In a universe with a cosmological constant, the large-scale gravitational potential varies in time and this is, in principle, observable. Using an N-body simulation of a Λ cold dark matter universe, we show that linear theory is not sufficiently accurate to predict the power spectrum of the time derivative, needed to compute the imprint of large-scale structure on the cosmic microwave background (CMB). The linear part of the power spectrum [the integrated Sachs-Wolfe effect (ISW)] drops quickly as the relative importance of Ω Λ diminishes at high redshift, while the non-linear part [the Rees-Sciama effect (RS)] evolves more slowly with redshift. Therefore, the deviation of the total power spectrum from linear theory occurs at larger scales at higher redshifts. The deviation occurs at k ∼ 0.1 h Mpc -1 at z = 0. The cross-correlation power spectrum of the density δ with behaves differently from the power spectrum of. First, the deviation from linear theory occurs at smaller scales (k ∼ 1 h Mpc -1 at z = 0). Secondly, the correlation becomes negative when the non-linear effect dominates. For the cross-correlation power spectrum of galaxy samples with the CMB, the non-linear effect becomes significant at l ∼ 500 and rapidly makes the cross-power spectrum negative. For high-redshift samples, the cross-correlation is expected to be suppressed by 5-10 per cent on arcminute scales. The RS effect makes a negligible contribution to the large-scale ISW cross-correlation measurement. However, on arcminute scales it will contaminate the expected cross-correlation signal induced by the Sunyaev-Zel'dovich effect.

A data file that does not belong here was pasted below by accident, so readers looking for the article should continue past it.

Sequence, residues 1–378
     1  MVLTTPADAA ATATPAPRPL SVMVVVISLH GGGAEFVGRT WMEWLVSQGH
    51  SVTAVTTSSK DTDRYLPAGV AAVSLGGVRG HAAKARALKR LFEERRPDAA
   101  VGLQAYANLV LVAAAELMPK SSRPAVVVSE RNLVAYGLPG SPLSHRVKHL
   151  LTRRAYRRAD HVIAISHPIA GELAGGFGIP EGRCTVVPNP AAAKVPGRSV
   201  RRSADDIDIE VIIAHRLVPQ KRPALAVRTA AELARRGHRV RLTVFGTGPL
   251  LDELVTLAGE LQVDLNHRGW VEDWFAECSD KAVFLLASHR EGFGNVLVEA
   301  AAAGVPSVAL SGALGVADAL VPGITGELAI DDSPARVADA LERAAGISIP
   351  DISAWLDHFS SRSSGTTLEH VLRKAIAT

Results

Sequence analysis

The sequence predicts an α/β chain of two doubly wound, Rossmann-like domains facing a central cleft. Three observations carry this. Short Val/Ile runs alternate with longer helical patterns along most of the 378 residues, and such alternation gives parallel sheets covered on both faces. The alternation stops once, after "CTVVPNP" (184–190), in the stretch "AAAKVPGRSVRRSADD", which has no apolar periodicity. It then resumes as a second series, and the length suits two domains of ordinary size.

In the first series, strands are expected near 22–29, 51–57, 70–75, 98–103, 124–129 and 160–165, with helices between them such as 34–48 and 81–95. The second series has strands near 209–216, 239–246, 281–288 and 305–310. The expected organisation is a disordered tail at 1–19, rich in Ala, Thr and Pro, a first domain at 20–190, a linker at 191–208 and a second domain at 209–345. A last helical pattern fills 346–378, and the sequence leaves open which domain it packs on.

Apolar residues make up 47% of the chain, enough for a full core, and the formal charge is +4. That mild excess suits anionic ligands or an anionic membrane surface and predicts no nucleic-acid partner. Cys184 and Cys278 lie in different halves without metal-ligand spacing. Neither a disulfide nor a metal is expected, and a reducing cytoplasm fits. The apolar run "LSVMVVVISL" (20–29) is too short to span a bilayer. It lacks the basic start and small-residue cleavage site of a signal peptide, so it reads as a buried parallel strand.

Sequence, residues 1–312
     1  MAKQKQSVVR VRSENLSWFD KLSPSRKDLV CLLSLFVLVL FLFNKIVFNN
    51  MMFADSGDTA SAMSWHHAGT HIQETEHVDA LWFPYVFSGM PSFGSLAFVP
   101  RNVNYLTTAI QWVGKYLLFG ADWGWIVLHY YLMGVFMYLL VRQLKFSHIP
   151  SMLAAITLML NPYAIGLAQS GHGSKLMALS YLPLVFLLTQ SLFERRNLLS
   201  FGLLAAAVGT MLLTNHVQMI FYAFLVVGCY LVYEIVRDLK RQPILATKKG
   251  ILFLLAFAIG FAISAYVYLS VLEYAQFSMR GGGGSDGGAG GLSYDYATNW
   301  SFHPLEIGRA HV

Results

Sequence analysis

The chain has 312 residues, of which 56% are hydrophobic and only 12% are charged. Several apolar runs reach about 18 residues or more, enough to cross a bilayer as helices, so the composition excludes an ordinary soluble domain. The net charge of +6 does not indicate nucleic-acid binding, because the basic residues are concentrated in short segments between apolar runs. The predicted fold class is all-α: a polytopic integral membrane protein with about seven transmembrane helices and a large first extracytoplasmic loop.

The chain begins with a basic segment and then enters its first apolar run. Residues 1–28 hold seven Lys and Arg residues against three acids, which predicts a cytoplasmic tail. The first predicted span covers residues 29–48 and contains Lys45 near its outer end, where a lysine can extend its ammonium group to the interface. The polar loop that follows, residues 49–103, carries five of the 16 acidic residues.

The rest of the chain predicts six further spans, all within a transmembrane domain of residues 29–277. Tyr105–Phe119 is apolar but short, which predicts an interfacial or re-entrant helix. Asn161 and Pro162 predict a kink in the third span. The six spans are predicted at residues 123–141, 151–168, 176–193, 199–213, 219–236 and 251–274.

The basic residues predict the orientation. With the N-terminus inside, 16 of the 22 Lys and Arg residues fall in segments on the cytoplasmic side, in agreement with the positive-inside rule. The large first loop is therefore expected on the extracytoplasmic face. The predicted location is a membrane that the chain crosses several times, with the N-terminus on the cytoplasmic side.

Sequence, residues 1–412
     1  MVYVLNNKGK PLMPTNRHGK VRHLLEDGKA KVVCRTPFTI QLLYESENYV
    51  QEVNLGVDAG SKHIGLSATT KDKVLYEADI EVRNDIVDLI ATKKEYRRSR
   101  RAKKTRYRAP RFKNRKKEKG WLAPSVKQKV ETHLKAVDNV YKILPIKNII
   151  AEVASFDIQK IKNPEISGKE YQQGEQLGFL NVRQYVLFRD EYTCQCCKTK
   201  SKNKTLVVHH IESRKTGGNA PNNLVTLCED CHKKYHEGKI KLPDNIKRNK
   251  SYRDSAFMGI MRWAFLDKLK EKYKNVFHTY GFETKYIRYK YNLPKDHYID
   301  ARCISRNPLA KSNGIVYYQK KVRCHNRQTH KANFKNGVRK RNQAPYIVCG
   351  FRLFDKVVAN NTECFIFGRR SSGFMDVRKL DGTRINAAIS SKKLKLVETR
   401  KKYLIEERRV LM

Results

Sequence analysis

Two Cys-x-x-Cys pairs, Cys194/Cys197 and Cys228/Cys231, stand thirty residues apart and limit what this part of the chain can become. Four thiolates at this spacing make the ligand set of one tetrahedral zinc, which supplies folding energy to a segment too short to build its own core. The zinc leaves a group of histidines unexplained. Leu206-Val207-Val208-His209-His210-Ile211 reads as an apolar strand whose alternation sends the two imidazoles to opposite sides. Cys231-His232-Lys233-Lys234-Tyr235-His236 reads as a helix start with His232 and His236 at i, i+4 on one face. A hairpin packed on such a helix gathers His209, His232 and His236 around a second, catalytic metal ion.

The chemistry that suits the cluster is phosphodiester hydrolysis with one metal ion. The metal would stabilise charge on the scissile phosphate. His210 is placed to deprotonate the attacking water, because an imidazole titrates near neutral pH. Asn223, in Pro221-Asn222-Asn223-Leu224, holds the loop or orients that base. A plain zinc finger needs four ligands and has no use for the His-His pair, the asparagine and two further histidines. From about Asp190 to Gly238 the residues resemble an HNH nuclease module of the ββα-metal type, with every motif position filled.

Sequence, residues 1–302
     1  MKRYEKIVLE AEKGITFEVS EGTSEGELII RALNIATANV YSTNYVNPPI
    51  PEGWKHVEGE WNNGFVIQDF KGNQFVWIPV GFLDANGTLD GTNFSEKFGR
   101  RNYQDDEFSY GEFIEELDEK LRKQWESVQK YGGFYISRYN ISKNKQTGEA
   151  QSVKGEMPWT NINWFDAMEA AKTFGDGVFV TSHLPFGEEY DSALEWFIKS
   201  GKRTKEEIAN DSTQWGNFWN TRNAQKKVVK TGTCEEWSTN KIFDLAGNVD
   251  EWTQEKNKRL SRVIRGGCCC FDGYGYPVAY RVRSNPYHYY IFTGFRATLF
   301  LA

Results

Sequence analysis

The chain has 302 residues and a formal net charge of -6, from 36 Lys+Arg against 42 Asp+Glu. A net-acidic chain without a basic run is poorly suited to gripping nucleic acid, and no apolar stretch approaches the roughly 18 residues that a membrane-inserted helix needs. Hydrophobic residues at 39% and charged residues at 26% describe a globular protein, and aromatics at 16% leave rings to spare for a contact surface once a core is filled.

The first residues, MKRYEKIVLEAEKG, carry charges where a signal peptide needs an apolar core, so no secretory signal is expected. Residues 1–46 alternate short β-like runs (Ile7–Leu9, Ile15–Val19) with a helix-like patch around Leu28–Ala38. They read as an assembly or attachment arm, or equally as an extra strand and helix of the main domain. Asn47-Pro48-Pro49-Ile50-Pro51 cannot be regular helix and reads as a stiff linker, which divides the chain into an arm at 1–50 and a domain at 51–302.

- Cosmology: theory
- Large-scale structure of Universe